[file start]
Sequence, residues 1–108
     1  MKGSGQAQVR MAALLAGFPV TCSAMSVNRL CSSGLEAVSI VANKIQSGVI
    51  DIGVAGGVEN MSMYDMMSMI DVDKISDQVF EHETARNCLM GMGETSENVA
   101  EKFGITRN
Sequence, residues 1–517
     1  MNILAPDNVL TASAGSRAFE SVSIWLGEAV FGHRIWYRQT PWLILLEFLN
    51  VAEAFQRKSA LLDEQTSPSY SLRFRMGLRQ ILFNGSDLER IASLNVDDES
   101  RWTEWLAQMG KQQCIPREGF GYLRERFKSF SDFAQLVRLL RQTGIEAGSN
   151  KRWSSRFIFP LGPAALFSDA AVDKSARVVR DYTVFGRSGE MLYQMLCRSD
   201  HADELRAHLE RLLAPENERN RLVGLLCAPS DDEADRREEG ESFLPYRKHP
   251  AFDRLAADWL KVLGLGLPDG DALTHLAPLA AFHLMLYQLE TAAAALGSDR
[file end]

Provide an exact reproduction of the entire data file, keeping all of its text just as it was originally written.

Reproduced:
Sequence, residues 1–108
     1  MKGSGQAQVR MAALLAGFPV TCSAMSVNRL CSSGLEAVSI VANKIQSGVI
    51  DIGVAGGVEN MSMYDMMSMI DVDKISDQVF EHETARNCLM GMGETSENVA
   101  EKFGITRN
Sequence, residues 1–517
     1  MNILAPDNVL TASAGSRAFE SVSIWLGEAV FGHRIWYRQT PWLILLEFLN
    51  VAEAFQRKSA LLDEQTSPSY SLRFRMGLRQ ILFNGSDLER IASLNVDDES
   101  RWTEWLAQMG KQQCIPREGF GYLRERFKSF SDFAQLVRLL RQTGIEAGSN
   151  KRWSSRFIFP LGPAALFSDA AVDKSARVVR DYTVFGRSGE MLYQMLCRSD
   201  HADELRAHLE RLLAPENERN RLVGLLCAPS DDEADRREEG ESFLPYRKHP
   251  AFDRLAADWL KVLGLGLPDG DALTHLAPLA AFHLMLYQLE TAAAALGSDR